Overall, though I felt the FF section was weak, the collection as a whole was very good and expanded on Civil War in a meaningful way. Highly recommended. ( )
  jshillingford | Feb 1, 2014 |
This trade was a little uneven, mainly because the Fantastic Four splits during the Civil War and mostly go their separate ways. There are some things that could, and probably should, have been addressed here but weren't, most importantly Johnny's recuperation from his stint in the hospital (he spent the first issue in a coma in the hospital, and the next time he shows up he's walking around fine as can be).

Obviously, this is a crossover with the Marvel Civil War event, but this actually does add a little bit to the story. In the main event, while the pro-registration forces are transporting "criminals," missiles appear out of nowhere and are obviously not from the anti-registration superheroes. Those missiles are explained here. Also, it's made clear here that Tony overhears Peter's conversation with Reed about Reed's uncle, which does explain why Tony is suspicious of Peter's motives after that point. So, while the information isn't essential, it does add a little depth to the overall Civil War arc, which really can't be said for many of the other tie-in books.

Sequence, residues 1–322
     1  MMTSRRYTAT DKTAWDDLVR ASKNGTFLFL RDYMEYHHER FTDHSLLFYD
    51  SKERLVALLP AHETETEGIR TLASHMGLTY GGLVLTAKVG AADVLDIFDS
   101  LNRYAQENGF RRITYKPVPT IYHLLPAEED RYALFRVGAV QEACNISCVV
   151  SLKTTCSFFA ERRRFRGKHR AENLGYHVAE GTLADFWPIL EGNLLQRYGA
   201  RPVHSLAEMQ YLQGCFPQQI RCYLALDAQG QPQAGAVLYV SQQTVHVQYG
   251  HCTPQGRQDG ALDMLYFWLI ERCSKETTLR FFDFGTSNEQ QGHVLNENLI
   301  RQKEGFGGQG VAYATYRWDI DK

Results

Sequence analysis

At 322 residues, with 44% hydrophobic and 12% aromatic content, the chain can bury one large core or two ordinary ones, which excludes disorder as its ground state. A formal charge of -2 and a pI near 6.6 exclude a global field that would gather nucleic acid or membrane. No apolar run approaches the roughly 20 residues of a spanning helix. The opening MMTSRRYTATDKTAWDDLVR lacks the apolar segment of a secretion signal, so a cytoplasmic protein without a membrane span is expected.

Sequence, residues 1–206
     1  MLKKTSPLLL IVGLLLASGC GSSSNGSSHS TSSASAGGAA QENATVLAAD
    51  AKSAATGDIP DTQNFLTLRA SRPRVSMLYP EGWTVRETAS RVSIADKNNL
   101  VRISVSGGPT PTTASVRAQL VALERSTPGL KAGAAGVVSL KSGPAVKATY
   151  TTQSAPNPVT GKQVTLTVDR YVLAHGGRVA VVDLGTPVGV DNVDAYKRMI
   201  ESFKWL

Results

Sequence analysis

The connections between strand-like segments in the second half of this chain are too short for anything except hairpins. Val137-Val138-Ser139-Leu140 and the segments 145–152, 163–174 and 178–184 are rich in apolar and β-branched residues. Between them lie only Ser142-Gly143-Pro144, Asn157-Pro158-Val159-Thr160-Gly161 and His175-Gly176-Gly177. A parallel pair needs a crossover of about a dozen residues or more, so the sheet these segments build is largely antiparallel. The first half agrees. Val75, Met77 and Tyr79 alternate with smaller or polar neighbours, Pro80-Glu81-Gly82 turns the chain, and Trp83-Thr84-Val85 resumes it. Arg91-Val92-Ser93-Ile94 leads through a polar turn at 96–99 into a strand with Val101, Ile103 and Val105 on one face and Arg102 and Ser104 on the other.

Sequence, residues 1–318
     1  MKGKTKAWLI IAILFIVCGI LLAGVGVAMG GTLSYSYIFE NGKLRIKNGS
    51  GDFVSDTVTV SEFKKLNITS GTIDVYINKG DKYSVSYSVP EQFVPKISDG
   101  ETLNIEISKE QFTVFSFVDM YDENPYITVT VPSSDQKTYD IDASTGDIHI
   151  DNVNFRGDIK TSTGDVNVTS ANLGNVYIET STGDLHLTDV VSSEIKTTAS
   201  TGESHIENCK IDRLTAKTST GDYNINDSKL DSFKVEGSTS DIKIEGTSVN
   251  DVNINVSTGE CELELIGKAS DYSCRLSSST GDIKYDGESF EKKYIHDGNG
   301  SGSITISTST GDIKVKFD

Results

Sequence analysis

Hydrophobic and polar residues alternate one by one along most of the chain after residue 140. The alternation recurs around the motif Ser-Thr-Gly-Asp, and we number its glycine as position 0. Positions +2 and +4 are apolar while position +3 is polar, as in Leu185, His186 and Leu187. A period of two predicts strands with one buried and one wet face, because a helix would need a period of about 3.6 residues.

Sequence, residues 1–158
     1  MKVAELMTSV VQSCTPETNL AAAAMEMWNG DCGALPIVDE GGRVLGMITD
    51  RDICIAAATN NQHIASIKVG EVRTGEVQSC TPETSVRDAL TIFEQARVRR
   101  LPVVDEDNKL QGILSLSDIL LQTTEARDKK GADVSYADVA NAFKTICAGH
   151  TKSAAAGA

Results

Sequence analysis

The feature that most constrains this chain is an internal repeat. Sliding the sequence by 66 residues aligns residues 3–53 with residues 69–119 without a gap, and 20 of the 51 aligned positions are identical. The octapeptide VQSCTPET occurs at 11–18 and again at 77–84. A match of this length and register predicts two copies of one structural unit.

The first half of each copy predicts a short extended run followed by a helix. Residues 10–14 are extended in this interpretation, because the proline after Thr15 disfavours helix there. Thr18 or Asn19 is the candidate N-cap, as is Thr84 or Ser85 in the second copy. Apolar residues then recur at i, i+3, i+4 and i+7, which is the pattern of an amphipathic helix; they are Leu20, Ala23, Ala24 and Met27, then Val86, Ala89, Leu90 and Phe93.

Unfortunately, the 45th anniversary of the Fantastic Four fell in during the Civil War event, so it was largely glossed over, with a mediocre recap of their origins (which nearly everyone reading this book already knows) marking it. There's a story penned by Stan Lee, however, that is pretty funny. And the art is good; I particularly liked Ben's facial expressions. It's not easy getting a "pile of rocks" to emote. ( )